Plans for a £20bn nuclear power station at Wylfa in Wales are likely to be scrapped with Hitachi, the Japanese giant bankrolling the programme, set to pull out.
At the start of the year Hitachi put the programme on ice because of worries about spiralling costs and the company failing to strike a deal over its funding with the UK Government.
The Isle of Anglesey Council, which covers the area where the two-reactor plant was due to be built, is understood to have received written confirmation from the Japanese company that it is withdrawing from the project. Reports suggest that a Hitachi board meeting on Wednesday will confirm the decision.
In June the company said it had hoped to secure financial support for the project from the Government but this now appears to have evaporated.
Hitachi's decision to abandon the "Horizon Nuclear" power plant, which was supposed to power 5m homes, will strike a blow to the UK's hopes of hitting its net zero carbon target by 2050.
Britain has struggled to finance the development of nuclear power, with the Anglesey project having being purchased from German energy companies in 2012.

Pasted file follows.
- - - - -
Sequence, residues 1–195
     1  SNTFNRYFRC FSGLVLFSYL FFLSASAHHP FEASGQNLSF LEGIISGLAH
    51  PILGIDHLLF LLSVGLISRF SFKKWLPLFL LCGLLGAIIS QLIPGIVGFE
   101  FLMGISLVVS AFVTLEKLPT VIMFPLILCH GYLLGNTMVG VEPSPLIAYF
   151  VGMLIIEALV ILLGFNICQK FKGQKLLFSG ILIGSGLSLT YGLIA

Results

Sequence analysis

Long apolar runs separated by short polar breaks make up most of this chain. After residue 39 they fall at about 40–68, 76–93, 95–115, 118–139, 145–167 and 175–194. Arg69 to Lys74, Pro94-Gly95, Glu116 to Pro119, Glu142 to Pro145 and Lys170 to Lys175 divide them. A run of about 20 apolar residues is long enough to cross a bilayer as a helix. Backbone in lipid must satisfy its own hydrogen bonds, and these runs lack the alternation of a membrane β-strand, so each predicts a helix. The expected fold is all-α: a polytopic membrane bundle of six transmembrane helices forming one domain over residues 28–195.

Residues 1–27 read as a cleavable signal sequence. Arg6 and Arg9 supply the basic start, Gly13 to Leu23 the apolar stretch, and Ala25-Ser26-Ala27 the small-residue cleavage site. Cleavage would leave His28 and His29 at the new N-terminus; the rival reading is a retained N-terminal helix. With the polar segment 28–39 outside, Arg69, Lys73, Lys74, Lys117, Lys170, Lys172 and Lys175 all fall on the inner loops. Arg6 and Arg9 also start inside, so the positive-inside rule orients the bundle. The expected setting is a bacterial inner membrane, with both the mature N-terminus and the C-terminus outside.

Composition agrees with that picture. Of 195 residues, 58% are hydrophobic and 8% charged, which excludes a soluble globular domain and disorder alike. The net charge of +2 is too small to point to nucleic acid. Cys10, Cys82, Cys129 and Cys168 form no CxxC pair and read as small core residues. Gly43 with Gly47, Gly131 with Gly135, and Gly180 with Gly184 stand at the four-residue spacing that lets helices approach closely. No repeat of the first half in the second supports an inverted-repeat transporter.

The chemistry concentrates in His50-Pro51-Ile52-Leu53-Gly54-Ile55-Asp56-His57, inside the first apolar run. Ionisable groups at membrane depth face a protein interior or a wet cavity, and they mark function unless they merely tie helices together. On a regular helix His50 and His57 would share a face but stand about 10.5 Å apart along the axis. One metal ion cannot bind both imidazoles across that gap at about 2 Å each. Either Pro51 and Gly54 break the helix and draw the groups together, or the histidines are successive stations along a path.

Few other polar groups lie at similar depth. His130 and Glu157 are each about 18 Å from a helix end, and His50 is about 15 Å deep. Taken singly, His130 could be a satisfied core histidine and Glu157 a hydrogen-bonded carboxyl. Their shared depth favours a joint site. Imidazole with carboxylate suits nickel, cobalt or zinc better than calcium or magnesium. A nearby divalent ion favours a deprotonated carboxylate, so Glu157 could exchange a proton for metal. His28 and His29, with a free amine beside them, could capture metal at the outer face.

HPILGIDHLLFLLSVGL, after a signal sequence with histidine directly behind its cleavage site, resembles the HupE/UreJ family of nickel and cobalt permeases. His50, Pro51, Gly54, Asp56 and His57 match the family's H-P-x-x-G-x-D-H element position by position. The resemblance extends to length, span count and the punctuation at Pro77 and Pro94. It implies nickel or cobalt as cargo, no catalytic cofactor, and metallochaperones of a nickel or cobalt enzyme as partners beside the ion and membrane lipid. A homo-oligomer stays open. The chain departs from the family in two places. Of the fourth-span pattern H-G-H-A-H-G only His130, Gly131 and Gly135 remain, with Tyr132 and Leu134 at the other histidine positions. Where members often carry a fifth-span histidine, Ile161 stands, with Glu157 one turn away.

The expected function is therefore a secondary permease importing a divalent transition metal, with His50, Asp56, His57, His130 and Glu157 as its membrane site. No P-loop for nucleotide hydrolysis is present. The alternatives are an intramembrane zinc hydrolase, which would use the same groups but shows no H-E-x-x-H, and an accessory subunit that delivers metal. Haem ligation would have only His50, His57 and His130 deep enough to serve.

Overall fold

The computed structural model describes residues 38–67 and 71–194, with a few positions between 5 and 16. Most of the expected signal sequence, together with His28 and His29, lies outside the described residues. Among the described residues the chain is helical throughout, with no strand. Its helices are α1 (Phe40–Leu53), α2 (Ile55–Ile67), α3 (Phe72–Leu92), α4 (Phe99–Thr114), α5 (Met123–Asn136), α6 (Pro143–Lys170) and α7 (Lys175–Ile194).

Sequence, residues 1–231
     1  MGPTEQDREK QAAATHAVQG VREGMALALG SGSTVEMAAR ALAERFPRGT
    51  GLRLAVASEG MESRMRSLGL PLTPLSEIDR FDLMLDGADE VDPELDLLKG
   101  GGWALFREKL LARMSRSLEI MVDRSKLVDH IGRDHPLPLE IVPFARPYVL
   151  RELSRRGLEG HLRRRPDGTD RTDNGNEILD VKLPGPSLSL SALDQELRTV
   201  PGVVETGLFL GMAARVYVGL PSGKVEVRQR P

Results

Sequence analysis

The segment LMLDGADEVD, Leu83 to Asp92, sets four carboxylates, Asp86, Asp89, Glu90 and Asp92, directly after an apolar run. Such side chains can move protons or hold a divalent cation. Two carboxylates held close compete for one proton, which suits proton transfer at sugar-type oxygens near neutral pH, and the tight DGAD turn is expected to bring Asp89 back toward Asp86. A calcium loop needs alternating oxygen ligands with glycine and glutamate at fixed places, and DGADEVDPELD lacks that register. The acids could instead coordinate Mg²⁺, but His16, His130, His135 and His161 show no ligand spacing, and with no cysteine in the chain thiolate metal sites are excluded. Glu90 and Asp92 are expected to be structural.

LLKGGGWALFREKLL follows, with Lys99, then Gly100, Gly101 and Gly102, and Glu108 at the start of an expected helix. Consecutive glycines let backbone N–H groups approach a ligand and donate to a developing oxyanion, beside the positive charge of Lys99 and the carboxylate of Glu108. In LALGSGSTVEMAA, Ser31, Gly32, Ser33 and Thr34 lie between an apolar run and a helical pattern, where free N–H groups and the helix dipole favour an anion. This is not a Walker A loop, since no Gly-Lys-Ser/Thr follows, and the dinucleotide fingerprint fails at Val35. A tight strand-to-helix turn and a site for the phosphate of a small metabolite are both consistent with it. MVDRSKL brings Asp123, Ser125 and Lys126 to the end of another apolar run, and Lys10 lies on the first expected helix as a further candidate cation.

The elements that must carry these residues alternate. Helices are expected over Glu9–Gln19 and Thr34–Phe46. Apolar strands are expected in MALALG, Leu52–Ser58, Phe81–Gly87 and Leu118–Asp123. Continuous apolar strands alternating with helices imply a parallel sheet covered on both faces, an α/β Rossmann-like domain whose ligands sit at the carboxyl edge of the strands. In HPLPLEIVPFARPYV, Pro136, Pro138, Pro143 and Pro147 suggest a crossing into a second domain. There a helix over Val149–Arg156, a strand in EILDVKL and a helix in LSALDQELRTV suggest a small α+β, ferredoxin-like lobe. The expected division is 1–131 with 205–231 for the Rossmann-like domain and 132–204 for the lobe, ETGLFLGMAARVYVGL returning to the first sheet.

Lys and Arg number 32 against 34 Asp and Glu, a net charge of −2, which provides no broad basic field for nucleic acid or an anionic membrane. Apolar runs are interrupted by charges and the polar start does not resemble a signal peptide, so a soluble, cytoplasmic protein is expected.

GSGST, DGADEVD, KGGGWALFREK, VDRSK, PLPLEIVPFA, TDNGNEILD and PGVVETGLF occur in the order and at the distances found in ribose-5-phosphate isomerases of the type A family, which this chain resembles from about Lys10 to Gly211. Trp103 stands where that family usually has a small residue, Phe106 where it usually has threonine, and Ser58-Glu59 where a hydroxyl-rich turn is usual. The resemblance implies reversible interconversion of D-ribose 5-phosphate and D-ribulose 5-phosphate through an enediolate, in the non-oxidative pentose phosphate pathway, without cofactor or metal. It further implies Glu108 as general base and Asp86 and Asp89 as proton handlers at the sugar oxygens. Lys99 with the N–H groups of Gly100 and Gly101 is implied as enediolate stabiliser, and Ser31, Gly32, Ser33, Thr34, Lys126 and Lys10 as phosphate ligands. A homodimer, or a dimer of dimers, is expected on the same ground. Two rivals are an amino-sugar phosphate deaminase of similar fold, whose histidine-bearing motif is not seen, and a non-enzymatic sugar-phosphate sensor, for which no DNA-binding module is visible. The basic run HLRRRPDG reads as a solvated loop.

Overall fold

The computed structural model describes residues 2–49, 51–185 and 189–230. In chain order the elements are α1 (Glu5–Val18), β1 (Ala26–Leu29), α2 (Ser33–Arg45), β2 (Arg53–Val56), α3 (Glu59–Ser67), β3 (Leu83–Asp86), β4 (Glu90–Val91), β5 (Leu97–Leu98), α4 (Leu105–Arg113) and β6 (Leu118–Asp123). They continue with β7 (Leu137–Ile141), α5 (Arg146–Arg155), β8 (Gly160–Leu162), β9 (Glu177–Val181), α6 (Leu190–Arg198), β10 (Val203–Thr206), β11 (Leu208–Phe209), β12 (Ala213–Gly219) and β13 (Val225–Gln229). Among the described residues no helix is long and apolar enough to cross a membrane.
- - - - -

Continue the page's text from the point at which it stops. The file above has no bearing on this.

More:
Two years ago Toshiba abandoned plans to construct a new nuclear power station at Moorside in Cumbria. Britain has been trying to attract foreign investors to take on the huge upfront costs and risks of building new reactors in return for the long-term and stable incomes they will bring once established.
Hitachi’s withdrawal may also raise concerns about Chinese involvement in the UK's nuclear power sector.
China General Nuclear Power Group has a 33pc equity stake in Britain’s other new nuclear power plant under construction, Hinkley Point in Somerset, and the state-backed business is also set to have a key role in two other planned new reactors at Sizewell in Cumbria and Bradwell in Essex.